A faint star in the constellation of Leo (The Lion), called SDSS J102915+172927, has been found to have the lowest amount of elements heavier than helium (what astronomers call “metals”) of all stars yet studied. It has a mass smaller than that of the Sun and is probably more than 13 billion years old.
“A widely accepted theory predicts that stars like this, with low mass and extremely low quantities of metals, shouldn’t exist because the clouds of material from which they formed could never have condensed,” said Elisabetta Caffau (Zentrum fur Astronomie der Universität Heidelberg, Germany and Observatoire de Paris, France), lead author of the paper. “It was surprising to find, for the first time, a star in this ‘forbidden zone’, and it means we may have to revisit some of the star formation models.”
The team analysed the properties of the star using the X-shooter and UVES instruments on the VLT. This allowed them to measure how abundant the various chemical elements were in the star. They found that the proportion of metals in SDSS J102915+172927 is more than 20 000 times smaller than that of the Sun.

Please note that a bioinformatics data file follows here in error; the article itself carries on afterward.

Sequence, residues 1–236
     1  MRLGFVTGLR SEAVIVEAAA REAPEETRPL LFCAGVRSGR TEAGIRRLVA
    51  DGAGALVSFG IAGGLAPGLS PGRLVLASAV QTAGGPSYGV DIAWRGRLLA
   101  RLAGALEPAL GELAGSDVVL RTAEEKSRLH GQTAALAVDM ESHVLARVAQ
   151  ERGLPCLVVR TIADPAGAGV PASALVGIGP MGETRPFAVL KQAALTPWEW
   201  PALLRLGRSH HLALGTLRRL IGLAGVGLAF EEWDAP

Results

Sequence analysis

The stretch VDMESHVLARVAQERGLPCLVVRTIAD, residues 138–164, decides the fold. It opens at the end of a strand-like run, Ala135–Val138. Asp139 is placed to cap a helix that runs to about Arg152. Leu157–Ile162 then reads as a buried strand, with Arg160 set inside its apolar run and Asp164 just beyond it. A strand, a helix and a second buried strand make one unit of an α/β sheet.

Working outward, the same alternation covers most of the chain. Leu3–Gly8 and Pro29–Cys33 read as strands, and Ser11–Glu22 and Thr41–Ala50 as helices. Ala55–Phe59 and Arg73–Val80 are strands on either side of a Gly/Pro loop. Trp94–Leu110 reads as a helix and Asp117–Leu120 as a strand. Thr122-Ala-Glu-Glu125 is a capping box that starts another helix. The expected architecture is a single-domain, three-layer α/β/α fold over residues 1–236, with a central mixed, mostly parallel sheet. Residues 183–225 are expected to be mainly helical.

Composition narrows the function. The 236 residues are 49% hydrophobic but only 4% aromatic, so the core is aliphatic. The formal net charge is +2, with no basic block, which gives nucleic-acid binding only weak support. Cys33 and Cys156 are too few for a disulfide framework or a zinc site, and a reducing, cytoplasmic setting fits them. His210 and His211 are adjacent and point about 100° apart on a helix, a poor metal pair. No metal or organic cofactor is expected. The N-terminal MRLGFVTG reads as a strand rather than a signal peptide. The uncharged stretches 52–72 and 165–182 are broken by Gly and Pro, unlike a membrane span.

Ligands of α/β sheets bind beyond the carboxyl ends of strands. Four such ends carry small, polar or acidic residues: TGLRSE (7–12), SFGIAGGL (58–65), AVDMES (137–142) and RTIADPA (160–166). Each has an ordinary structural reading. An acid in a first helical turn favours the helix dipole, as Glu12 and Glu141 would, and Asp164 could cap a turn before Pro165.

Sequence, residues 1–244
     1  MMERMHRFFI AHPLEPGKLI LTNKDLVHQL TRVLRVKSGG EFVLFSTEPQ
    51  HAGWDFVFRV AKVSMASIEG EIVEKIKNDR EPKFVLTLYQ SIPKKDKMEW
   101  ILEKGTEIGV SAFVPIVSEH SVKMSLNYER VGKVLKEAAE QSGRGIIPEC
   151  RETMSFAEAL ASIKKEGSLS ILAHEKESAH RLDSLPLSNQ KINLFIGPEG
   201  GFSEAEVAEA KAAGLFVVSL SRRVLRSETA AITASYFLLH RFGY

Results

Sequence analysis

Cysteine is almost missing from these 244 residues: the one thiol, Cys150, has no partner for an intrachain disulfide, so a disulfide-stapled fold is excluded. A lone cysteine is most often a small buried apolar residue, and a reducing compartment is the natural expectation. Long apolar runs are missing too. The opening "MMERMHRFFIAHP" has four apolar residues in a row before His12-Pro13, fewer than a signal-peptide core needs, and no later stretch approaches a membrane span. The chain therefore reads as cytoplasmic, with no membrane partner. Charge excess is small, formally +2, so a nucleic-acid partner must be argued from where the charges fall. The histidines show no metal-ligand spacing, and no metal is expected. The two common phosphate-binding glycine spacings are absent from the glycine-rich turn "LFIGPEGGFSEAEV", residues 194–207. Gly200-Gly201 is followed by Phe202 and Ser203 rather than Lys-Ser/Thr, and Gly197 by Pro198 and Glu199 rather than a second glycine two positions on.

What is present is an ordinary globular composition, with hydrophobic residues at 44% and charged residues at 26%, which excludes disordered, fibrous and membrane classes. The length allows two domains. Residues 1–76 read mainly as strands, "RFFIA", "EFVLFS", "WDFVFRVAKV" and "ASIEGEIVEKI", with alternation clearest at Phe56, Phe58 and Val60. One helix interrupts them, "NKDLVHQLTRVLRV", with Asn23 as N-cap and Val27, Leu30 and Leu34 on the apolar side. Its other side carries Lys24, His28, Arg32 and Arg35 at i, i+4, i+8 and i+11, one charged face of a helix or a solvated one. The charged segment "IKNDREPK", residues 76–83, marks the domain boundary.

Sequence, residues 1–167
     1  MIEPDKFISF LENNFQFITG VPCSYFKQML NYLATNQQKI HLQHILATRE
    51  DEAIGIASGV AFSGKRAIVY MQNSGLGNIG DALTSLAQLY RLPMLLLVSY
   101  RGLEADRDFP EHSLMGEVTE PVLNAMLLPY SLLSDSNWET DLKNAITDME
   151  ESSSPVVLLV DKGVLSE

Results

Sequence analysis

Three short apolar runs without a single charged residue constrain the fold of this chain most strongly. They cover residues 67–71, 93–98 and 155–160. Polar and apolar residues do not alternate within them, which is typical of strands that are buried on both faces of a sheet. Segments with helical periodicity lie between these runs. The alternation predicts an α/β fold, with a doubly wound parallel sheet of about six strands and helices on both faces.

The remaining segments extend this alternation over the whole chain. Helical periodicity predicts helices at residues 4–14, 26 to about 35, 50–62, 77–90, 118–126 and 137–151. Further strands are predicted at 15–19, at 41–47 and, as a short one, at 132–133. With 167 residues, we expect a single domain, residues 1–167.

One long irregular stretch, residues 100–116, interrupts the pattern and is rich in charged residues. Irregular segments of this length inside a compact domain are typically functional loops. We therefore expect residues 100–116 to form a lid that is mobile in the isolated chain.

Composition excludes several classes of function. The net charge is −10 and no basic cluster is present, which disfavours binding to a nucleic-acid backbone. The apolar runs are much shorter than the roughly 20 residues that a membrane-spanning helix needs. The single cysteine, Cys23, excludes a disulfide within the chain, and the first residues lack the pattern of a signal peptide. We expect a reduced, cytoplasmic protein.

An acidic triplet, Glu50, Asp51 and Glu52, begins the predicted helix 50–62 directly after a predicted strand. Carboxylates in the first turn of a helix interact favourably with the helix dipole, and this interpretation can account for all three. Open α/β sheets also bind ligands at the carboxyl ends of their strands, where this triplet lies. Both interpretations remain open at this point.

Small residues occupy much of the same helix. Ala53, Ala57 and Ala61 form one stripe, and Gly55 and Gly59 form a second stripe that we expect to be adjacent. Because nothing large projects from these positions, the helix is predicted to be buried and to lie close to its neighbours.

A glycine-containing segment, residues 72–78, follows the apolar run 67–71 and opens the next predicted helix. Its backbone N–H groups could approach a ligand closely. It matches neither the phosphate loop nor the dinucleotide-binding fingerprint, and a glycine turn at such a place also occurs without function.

“The star is faint, and so metal-poor that we could only detect the signature of one element heavier than helium — calcium — in our first observations,” said Piercarlo Bonifacio (Observatoire de Paris, France), who supervised the project. “We had to ask for additional telescope time from ESO’s Director General to study the star’s light in even more detail, and with a long exposure time, to try to find other metals.”